Day 951: King Joffrey Was A Pussy

originally published August 8, 2014

I just got through reading a Wikipedia article so poorly written and peppered with so many near-identical names my brain sneezed in agony. But at its heart was a narrative so foul and villainous, I feel it deserves a translation into mostly-coherent English.

Seriously, most of the names in this tale are bewilderingly similar. I’ll do my best to simplify the tale, to differentiate between the Liu Ziluan, Liu Ziye and Liu Zixun mess and deliver something digestible, as the story of the fiendish Emperor Qianfei of China needs to be preserved. This is teenage royalty gone wrong, in a way that would make George R.R. Martin cringe with disbelief. In fact, Game of Thrones fans may skim through this and wonder why their beloved show is so docile and civilized.

After all, what did King Joffrey really do? He had a few people killed, engaged in some weird crossbow-fetish sex-play, and acted like an ass to most everyone around him. Who cares? Pure evil resides not in the hearts and minds of fictitious fiends, but in the madness of truth. And the madness of Emperor Qianfei reaches far deeper than any sick twists undertaken by that blond pansy from Westeros.

Emperor Qianfei was born in 449 AD as Liu Ziye, but in the interest of bogging this story down with Liu Z– names from the outset, let’s just call the little prick by his emperor name: Qianfei. Qianfei was tossed in prison at age five when his uncle made a power play for the throne. Qianfei’s dad showed up and heroically slaughtered the uncle, and christened his kid as the crown prince. He was wed at age 10 and a widower at 12. In 464, Qianfei’s dad died and Qianfei stepped up as the new emperor, age 15.

Right from the start, Qianfei popped his political cherry with jabs of arrogance and utter dickheadery. Resentful of his father (who, after saving him had spent ten years disciplining his kid – go figure), Emperor Qianfei ordered each and every law passed within his father’s reign to be repealed. He then ordered his father’s official imperial portrait to be destroyed and repainted, this time with more emphasis on his father’s allegedly large nose.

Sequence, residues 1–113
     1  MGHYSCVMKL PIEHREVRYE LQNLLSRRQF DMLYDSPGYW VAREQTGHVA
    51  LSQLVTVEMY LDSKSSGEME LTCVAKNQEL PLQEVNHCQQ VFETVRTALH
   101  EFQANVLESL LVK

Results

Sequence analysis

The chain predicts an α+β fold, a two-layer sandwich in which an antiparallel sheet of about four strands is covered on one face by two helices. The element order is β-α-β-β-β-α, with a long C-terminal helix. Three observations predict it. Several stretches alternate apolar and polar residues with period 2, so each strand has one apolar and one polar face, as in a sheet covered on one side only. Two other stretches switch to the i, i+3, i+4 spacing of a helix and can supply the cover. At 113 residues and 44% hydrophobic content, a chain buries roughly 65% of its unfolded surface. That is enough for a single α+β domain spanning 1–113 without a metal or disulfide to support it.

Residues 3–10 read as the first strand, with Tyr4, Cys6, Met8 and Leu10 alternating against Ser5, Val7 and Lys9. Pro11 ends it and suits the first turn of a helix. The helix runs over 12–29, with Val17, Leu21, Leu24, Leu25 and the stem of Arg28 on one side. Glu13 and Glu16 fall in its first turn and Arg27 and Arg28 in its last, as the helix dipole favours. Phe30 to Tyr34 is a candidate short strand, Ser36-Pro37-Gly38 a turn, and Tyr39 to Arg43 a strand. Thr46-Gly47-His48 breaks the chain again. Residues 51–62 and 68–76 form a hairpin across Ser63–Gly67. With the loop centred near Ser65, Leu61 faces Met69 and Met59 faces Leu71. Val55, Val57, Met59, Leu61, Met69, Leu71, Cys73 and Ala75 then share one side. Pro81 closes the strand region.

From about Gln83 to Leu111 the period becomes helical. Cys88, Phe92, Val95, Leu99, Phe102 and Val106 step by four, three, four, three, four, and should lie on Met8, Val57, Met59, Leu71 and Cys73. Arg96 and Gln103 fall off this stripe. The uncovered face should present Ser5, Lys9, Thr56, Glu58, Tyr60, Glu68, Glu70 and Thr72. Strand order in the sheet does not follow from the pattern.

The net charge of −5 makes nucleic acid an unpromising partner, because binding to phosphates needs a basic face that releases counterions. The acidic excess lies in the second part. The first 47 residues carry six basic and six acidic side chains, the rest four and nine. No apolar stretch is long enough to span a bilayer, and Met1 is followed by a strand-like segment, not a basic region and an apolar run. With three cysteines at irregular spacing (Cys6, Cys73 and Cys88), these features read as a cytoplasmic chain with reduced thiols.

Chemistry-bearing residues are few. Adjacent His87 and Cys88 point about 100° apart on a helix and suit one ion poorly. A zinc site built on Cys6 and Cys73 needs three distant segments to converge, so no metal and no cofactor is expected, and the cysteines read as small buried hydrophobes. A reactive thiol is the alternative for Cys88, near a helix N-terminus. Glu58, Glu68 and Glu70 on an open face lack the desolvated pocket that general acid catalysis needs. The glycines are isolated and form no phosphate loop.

Later that year, Emperor Qianfei’s mother became very ill. Her son refused to visit her on her deathbed, claiming that ghosts inhabit sick people’s rooms. Before dying, his mother screamed at her servants: “Bring me a sword and cut me open, to see how it is this animal came out of me!” But who among us who has raised a teenager has not uttered the same thing?

One of Qianfei’s top associates, a guy named Dai Faxing, tried to keep the emperor in check, advising him to take it easy, lest he find himself deposed and executed like his great-uncle, who had also exhibited a similar air of assholishness. Qianfei took this under advisement, and had Dai Faxing killed. This caused a major kerfuffle among the top brass. Liu Yuanjing, another of the emperor’s advisors, began cultivating a plan to overthrow the insolent brat. He consulted with general Shen Qingzhi. The general, ever the patriot, ratted out the conspirators, who were subsequently murdered. Oh, and all of their sons were killed too, because why leave the door open for revenge?

Liu Yigong, the man who had been picked by the conspirators to take over the empire, got the real brunt of Emperor Qianfei’s wrath. Qianfei cut off Yigong’s limbs, split open his abdomen, pulled out the guts and sliced them into ticker tape. Then he gouged out Yigong’s eyes and dropped them in honey, calling them ‘pickled ghost eyes’ because apparently Emperor Qianfei was bat-shit nuts.